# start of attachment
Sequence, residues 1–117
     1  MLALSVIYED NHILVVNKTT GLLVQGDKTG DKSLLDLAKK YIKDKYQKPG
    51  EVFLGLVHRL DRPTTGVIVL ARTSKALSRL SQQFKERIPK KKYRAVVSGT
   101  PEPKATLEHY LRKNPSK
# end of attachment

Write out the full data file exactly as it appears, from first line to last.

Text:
Sequence, residues 1–117
     1  MLALSVIYED NHILVVNKTT GLLVQGDKTG DKSLLDLAKK YIKDKYQKPG
    51  EVFLGLVHRL DRPTTGVIVL ARTSKALSRL SQQFKERIPK KKYRAVVSGT
   101  PEPKATLEHY LRKNPSK